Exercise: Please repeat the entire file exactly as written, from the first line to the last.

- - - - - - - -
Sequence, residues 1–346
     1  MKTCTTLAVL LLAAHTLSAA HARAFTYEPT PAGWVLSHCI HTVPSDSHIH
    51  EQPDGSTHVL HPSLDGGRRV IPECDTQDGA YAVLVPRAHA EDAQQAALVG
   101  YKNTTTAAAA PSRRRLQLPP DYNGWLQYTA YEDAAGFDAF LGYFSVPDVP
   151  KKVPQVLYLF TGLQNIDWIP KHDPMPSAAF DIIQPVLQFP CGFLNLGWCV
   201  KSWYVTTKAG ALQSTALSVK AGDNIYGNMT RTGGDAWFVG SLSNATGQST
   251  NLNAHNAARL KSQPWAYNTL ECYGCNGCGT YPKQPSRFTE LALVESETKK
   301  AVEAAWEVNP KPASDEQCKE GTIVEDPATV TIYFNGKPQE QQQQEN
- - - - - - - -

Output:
Sequence, residues 1–346
     1  MKTCTTLAVL LLAAHTLSAA HARAFTYEPT PAGWVLSHCI HTVPSDSHIH
    51  EQPDGSTHVL HPSLDGGRRV IPECDTQDGA YAVLVPRAHA EDAQQAALVG
   101  YKNTTTAAAA PSRRRLQLPP DYNGWLQYTA YEDAAGFDAF LGYFSVPDVP
   151  KKVPQVLYLF TGLQNIDWIP KHDPMPSAAF DIIQPVLQFP CGFLNLGWCV
   201  KSWYVTTKAG ALQSTALSVK AGDNIYGNMT RTGGDAWFVG SLSNATGQST
   251  NLNAHNAARL KSQPWAYNTL ECYGCNGCGT YPKQPSRFTE LALVESETKK
   301  AVEAAWEVNP KPASDEQCKE GTIVEDPATV TIYFNGKPQE QQQQEN